Ms Guan, who is a member of the Cardiovascular-protective Signalling and Drug Discovery Unit led by Dr Xuyu (Johnny) Liu, recently attended the EFMC International Symposium on Chemical Biology with the support of a DDI ECR Travel award, and was awarded a best poster prize.
The three-day meeting was held in Basel, Switzerland from November 16 to 18 and brought together leading scientists to showcase the latest advances in the field of chemical biology.
Ms Guan presented her research on ‘A ‘natural’ electrophilic solution to calm the platelet temper’. The study revealed that sulforaphane, a natural compound found in broccoli, possesses distinctive antiplatelet properties, offering valuable insights for mitigating the excessive bleeding associated with current blood thinner treatments.
“This was my first time attending an international conference, and this poster prize gives me huge encouragement for my PhD study, particularly as I approach the culmination of my final year,” she said.
Another of Dr Liu’s PhD students, Kayla Williams, also presented her research at the conference.
Congratulations also go to Ms Li, from HRI’s Atherosclerosis and Vascular Remodelling Unit, who has been awarded a Faculty of Engineering Career Advancement Award from The University of Sydney.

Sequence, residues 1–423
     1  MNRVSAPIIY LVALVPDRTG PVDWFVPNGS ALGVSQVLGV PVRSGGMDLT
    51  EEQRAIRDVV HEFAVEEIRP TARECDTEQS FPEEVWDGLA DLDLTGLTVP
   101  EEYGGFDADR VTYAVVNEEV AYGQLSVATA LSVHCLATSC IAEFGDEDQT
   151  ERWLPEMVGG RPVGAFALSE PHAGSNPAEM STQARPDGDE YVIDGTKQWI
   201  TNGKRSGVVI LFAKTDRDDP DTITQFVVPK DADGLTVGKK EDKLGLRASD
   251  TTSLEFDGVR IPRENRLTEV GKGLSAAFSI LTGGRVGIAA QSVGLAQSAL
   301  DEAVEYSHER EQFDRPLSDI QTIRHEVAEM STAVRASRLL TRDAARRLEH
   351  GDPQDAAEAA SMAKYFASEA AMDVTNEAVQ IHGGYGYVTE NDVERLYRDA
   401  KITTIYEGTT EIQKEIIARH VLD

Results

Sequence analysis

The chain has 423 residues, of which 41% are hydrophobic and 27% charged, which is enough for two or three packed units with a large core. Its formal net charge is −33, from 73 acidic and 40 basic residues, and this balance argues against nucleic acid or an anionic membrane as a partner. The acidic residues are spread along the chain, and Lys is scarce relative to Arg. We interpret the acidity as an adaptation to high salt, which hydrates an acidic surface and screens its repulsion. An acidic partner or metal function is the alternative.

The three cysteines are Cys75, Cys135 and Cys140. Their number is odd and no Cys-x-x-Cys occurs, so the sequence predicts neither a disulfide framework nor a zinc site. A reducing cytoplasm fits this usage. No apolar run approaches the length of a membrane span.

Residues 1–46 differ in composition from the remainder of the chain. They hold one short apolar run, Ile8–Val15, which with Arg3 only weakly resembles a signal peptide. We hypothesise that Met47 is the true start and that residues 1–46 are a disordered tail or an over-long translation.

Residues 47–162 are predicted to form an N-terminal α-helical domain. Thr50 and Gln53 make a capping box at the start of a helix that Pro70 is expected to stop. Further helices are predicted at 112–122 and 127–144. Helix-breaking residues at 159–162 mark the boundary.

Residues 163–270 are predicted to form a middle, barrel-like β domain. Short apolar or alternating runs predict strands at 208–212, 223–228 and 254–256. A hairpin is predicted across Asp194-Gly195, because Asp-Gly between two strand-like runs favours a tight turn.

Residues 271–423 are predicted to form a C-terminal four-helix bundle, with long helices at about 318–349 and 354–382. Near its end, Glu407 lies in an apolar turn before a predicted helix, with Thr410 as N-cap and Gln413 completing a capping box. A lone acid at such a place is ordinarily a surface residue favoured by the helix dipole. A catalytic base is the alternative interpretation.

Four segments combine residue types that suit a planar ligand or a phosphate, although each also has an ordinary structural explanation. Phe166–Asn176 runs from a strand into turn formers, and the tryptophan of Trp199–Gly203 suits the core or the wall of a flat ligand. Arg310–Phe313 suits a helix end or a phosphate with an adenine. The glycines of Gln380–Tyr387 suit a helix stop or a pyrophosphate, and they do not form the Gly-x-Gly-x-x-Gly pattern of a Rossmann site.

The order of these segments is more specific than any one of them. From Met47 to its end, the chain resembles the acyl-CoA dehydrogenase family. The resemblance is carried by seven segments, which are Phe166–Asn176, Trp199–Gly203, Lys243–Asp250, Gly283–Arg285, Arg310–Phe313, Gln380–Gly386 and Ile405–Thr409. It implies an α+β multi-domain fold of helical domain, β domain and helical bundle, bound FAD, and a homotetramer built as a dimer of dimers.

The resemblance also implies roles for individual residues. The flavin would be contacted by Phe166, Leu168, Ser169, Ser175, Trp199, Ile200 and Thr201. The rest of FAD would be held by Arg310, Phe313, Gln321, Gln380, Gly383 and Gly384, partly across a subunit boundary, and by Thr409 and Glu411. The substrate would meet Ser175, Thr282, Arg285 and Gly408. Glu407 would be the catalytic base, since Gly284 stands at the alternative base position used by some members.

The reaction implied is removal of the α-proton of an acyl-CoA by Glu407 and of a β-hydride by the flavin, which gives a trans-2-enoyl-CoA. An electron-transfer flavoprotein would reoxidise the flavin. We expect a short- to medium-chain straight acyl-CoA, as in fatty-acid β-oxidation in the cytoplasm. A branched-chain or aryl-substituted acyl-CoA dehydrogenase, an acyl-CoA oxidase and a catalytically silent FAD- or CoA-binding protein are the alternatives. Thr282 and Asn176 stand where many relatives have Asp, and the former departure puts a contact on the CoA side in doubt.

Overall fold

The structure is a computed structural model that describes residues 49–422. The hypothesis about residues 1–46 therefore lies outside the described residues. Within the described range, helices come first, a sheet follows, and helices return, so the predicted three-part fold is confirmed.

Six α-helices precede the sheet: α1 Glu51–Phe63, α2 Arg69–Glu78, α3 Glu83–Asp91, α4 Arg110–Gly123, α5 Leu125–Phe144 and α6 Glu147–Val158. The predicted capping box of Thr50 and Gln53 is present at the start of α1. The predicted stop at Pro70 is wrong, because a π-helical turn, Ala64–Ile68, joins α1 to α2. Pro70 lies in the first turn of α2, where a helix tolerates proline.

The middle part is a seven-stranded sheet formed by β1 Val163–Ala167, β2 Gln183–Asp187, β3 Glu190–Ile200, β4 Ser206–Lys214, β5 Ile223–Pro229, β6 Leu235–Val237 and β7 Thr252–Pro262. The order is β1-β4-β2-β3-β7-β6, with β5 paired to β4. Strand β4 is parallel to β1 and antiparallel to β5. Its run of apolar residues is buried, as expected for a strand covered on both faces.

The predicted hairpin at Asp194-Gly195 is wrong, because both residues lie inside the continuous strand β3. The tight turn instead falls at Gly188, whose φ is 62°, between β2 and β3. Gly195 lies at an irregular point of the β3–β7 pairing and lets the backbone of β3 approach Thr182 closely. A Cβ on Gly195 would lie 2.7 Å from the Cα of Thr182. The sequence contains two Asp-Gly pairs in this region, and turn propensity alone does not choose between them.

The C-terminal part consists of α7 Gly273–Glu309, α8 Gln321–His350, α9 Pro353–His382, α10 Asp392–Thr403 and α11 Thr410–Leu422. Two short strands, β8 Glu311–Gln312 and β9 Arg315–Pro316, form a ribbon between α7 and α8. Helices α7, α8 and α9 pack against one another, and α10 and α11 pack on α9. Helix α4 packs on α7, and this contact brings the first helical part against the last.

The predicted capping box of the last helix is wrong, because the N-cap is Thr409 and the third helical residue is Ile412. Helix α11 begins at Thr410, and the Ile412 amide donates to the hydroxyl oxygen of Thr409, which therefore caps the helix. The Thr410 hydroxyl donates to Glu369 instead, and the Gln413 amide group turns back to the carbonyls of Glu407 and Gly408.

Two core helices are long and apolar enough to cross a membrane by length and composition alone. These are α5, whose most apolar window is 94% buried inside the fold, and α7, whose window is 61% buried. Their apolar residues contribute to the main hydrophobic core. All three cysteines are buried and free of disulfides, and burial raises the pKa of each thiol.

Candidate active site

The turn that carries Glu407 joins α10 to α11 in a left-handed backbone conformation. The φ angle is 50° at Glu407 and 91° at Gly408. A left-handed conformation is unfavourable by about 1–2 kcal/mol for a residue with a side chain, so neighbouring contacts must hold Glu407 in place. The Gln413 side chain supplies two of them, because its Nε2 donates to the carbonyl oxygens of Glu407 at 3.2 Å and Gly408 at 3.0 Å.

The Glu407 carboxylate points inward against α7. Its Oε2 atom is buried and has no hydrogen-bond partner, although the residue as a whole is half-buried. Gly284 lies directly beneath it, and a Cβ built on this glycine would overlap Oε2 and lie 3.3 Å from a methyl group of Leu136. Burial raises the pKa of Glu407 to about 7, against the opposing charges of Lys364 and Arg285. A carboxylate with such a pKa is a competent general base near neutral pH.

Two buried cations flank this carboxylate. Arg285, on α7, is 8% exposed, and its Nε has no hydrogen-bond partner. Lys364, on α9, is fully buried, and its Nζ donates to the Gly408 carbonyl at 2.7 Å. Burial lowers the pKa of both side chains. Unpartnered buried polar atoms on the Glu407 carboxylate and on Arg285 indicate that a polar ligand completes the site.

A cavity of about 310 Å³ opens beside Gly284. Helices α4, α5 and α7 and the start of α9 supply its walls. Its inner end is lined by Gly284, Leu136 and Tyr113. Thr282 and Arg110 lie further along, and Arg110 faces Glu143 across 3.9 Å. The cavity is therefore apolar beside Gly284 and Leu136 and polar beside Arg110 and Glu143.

According to the University’s website:
“This Award has been established to enable students who have shown strong potential to pursue jobs in prestigious academic and industrial positions the opportunity to improve their publication record while in advance of their oral examination.”
Ms Li is currently completing her PhD under the guidance of Dr Ashish Misra, with a focus on targeting the modulation of smooth muscle cell phenotype to stabilise atherosclerotic plaque. She also recently won a Rising Star award at the Sydney Cardiovascular Symposium.
“This award undoubtedly helps me prepare for the publication and oral examination for my PhD. It also provides me valuable time to participate in international conferences, enhancing my competitiveness to actively seek postdoctoral opportunities,” she said.
Finally, Mr Lin, who is also from Dr Misra’s group, was recently selected to attend this year's EMBL Australia PhD Course, which was held at the Australian National University in Canberra.
Now in its eighth year, this prestigious course offers an incredible opportunity for first- and second-year life science PhD students to learn from some of the brightest and most inspiring scientists from around Australia.
“The course was a great opportunity to broaden my knowledge and get inspiration from amazing students working in other fields of research,” he said.
The two-week course is modelled on the pre-doc training program at the European Molecular Biology Laboratory (EMBL) and covers the latest ideas and advances in molecular biology and the life sciences.
Congratulations once again to our rising stars – Ivy, Eva and Alex!